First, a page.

Dear Asian Youth,
I used to believe that fortune cookies were magical. Every time my family went to go visit the shabby, hole-in-the-wall Chinese restaurant in our neighborhood and left with overflowing bags of lo mein and General Tso’s chicken, I made sure to snag a few extra handfuls of cookies from the little jade dish at the front desk and pocket them discreetly. After we arrived home and had stuffed ourselves full with grease and spices, I would huddle into the corner of my bedroom with a blanket tossed over my head, perch a flashlight nearby and crack open each cookie, one by one. Split one sugary chunk after the other, quickly suck away the crumbs threatening to spill onto my mattress and attract ants in the morning, and, with painstaking diligence, unravel thin slips of blue-marked paper from their tightly-curled positions within each cookie.
The fortunes themselves were nothing special. Each paper contained some variation of the same dozen phrases and idioms which I already knew by heart, looped in an endless cycle of ambiguity and generic wordplay. They spoke of things like virtue and courage, of pursuing my dreams with determination and perseverance but also remembering to be patient and content with what I already had, of creating my own forms of happiness and overcoming the obstacles in my path over time.
After I disassembled each cookie and laid out the fortunes on my bed like a museum display, I proceeded to do something which, years later, drew raucous laughter at family reunions upon retelling and relentless teasing from my older sibling. I took whichever fortune I believed felt most ‘lucky’ at the moment; I folded it in half, then folded it again, and kept folding it into dozens upon dozens of miniature squares which kept folding until the paper could fold no more; lastly, I took this crumpled, almond-sized ball of paper and wax, of inked fortunes and wishful luck, and swallowed it whole.
Why did I do this? Well, I was eight years old and, more importantly, a fool, buoyed by the heady, addictive flavor of ancient Chinese idioms scrawled on slim strips of paper and hidden in heart-shaped folds of stiff sugar. I thought that swallowing my fortunes would somehow make them come alive and imbue me with the magical kind of luck I only saw in television shows and manga series. Sometimes I swallowed fortunes I didn’t even understand the meaning of, fortunes with complex words and lyrical, nuanced meanings which elude me still to this day. With each fortune I swallowed, I grew increasingly optimistic about what life would have to offer me.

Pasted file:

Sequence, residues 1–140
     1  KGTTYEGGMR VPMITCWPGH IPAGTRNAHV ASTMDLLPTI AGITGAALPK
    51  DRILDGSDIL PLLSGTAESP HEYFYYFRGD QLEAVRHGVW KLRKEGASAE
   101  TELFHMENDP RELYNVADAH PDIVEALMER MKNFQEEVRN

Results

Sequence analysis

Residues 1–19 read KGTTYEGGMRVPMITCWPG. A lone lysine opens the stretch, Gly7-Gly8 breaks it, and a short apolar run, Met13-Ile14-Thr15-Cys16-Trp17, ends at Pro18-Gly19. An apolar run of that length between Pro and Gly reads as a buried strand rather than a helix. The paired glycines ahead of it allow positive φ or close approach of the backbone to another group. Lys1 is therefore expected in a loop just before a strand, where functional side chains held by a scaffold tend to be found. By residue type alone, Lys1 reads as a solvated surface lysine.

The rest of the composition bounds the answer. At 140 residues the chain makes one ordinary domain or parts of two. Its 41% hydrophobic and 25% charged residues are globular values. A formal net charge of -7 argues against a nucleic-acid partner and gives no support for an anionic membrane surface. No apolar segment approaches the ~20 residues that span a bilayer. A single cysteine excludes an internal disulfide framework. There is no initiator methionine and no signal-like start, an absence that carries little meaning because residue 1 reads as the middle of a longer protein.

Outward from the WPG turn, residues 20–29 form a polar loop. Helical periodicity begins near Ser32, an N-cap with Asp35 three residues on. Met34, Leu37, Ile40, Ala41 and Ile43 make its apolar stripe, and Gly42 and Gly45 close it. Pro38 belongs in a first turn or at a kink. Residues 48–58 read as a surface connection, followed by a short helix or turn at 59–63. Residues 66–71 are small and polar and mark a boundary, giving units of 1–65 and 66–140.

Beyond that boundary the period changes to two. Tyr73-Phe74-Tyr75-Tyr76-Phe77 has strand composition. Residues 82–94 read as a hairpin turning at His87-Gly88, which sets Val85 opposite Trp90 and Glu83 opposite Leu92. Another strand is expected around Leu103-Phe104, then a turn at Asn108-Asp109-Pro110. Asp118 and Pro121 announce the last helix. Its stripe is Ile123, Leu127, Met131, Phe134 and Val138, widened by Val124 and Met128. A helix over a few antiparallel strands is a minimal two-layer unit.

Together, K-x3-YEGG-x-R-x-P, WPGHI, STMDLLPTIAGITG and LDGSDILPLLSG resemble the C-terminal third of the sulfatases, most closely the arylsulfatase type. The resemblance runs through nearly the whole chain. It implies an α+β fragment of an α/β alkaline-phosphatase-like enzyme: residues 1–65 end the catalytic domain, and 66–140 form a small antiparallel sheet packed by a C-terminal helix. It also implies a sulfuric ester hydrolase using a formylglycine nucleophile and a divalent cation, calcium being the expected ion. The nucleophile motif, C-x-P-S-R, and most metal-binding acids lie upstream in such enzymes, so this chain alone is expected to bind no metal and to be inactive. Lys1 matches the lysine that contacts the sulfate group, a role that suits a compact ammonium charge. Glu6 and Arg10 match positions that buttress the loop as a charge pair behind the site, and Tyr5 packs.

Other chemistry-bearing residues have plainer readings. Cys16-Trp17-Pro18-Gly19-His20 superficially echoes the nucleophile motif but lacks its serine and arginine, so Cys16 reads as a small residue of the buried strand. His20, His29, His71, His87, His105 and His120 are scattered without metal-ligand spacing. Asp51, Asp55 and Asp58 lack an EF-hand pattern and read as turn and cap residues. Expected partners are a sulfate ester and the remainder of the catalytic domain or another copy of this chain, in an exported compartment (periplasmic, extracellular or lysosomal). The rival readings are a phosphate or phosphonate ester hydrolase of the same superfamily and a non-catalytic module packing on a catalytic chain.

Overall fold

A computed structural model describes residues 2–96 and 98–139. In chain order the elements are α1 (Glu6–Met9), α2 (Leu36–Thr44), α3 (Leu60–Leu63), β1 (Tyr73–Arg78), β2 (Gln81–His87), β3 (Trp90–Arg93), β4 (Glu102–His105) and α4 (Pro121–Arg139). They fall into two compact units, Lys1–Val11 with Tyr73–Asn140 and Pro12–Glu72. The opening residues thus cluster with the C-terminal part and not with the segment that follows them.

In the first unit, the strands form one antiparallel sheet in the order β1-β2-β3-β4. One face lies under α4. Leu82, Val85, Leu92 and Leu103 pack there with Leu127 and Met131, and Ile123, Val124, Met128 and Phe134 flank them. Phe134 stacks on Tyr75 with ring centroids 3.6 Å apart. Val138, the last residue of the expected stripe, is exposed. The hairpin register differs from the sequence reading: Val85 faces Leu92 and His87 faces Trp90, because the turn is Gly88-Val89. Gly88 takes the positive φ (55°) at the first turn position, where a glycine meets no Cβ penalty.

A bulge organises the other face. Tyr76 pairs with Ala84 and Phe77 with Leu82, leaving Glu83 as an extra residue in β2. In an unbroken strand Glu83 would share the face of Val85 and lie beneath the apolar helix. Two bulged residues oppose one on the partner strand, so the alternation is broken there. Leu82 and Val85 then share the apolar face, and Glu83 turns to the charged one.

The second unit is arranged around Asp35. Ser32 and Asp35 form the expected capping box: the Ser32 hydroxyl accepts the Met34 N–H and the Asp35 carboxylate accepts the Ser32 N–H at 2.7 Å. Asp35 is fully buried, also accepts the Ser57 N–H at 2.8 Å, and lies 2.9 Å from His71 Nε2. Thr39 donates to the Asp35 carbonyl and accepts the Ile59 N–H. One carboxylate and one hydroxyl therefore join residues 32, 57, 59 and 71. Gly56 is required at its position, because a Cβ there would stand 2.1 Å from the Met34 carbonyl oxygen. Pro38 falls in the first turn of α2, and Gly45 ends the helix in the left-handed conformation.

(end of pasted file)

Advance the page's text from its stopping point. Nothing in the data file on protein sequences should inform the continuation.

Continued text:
Success lies in the hands of those who want it. Bundles of gold ingots will drop from the sky into my hands.
Big journeys begin with a single step. I’ll come in first place on the pacer test tomorrow morning and blow everyone else away with ease.
If you want the rainbow, you have to tolerate the rain. I can be patient. I’ll wait for the storm to subside, wait for my opportunity to shine and prove to those around me how amazing I can really be. I believe it.
At some point, I stopped hoarding my fortunes, stopped hoarding and swallowing them like they were pieces of candy instead of waxy paper. I outgrew my childish fantasies steeped in concepts like serendipity and good fortune, although I never seemed to stop eating fortune cookies entirely. Perhaps it was when the Chinese restaurant in my neighborhood closed down abruptly, replaced with a shiny new hair salon run by ladies with corn-silk hair and no cookies or food to sell within the span of only a few weeks. Maybe I stopped even before that. All I know is that whenever someone mentions my old fortune-swallowing habits, I scowl, feeling thick, hot embarrassment swirl in my throat like invisible balls of white paper.
I’m starting my senior year of high school soon. College season is just around the corner, and the weight of my schedule grows heavier with each passing day. I feel wistful instead of bitter sometimes, nostalgic for those days when I was filled with a hopeful, shivering kind of trepidation instead of perpetual exhaustion and fear for the future has in store for me. I wish I was ten years younger and back in my dimly-lit bedroom, breaking open fortune cookies and applying the little morsels of wisdom they possessed to my life with the same guileless, smooth ease I once had.
Soon, I won’t be able to look back anymore; I won’t have the time to reminisce, the same recollection of the memories I’m clinging onto now. Each time I remember this, I take a stroll through my neighborhood and visit any other Chinese restaurant I can find nearby. I order something small, a drink or pack of fried wonton strips that I don’t even enjoy the taste of, and make sure to grab a generous handful of fortune cookies on my way out.
Cover Photo Source: https://www.thespruceeats.com/fortune-cookie-recipe-694545